Anticipatory reward dysfunction in alcohol dependence: An electroencephalography monetary incentive delay task study

Mica Komarnyckyj, Chris Retzler, Robert Whelan, Oliver Young, Elsa Fouragnan, Anna Murphy

Research output: Contribution to journalArticlepeer-review

Abstract

A wealth of functional magnetic resonance imaging monetary incentive delay task (MIDT) research has shown alcohol dependency is associated with a hypoactive striatal response during gain anticipation (gain > neutral) and loss anticipation (loss > neutral). Electroencephalography (EEG) holds clinical advantages over fMRI (high temporal resolution, low cost, portable) however its use to study reward processing in alcohol dependence is limited. We aimed to carry out the first EEG MIDT (eMIDT) study in alcohol dependence. 21 abstinent alcohol dependent individuals and 26 controls performed an MIDT while neural activity was recorded using 64-channel EEG. Trial averaged event-related potentials (ERPs) and single-trial machine learning discriminant analyses were applied to EEG data. Clinical variables related to severity of dependence were collected and relationships with ERP data explored. Alcohol dependent individuals, compared with healthy controls, had blunted cue-P3 amplitudes for gain and loss anticipation (interaction: p = 0.019); and elevated contingent negative variation amplitudes for all conditions (gain, loss, neutral)(main effect: p < 0.001) which was associated with increased alcohol consumption (p = 0.002). The machine learning analyses demonstrated alcohol dependent individuals had reduced ability to discriminate between loss and neutral cues between 328 – 350 ms (p = 0.040), 354 – 367 ms (p = 0.047) and 525 – 572 ms (p = 0.022). The eMIDT approach is demonstrated to be a low-cost, sensitive measure of dysfunctional anticipatory reward processing in alcohol dependence, which we propose is ideal for big data approaches to prognostic psychiatry and translation into clinical practice.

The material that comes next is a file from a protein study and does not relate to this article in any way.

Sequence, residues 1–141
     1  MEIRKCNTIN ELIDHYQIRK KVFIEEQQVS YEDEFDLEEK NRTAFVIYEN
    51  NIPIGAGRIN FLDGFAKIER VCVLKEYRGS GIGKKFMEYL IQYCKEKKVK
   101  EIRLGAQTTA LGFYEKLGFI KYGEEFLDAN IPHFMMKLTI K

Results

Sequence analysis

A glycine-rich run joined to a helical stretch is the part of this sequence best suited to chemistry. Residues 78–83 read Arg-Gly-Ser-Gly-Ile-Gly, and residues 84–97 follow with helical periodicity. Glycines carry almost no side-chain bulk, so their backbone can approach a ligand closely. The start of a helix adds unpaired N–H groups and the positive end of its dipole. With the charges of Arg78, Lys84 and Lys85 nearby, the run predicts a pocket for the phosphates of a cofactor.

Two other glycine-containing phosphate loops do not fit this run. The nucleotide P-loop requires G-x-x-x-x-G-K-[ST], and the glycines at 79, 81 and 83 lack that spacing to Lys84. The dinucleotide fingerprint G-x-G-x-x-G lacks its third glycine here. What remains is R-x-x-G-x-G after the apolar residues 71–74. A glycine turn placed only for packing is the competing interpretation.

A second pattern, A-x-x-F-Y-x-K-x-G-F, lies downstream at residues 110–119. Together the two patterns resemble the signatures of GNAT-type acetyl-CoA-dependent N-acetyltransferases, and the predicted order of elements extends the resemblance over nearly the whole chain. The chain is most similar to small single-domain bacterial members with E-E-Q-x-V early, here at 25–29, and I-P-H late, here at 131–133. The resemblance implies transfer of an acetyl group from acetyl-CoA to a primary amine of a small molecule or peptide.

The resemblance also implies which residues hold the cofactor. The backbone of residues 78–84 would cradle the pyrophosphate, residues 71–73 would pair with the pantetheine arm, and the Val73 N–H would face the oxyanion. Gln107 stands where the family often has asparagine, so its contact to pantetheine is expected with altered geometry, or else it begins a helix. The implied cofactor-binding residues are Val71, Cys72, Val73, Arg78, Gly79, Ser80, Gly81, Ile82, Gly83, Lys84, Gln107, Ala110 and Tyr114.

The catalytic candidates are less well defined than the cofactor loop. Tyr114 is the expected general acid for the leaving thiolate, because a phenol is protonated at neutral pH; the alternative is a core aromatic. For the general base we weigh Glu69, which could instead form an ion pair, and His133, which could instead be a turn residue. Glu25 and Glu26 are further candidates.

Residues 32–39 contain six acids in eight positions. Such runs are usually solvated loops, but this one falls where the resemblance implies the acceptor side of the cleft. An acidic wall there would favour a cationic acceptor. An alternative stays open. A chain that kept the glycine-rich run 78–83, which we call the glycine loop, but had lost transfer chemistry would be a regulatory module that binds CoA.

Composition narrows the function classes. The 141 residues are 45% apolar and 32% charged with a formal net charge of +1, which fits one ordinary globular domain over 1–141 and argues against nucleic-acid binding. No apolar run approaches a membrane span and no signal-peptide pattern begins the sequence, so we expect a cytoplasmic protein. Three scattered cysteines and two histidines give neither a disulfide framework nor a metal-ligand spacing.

Original languageEnglish
Article number100116
Number of pages10
JournalAddiction Neuroscience
Volume8
Early online date5 Jul 2023
DOIs
Publication statusPublished - 1 Dec 2023

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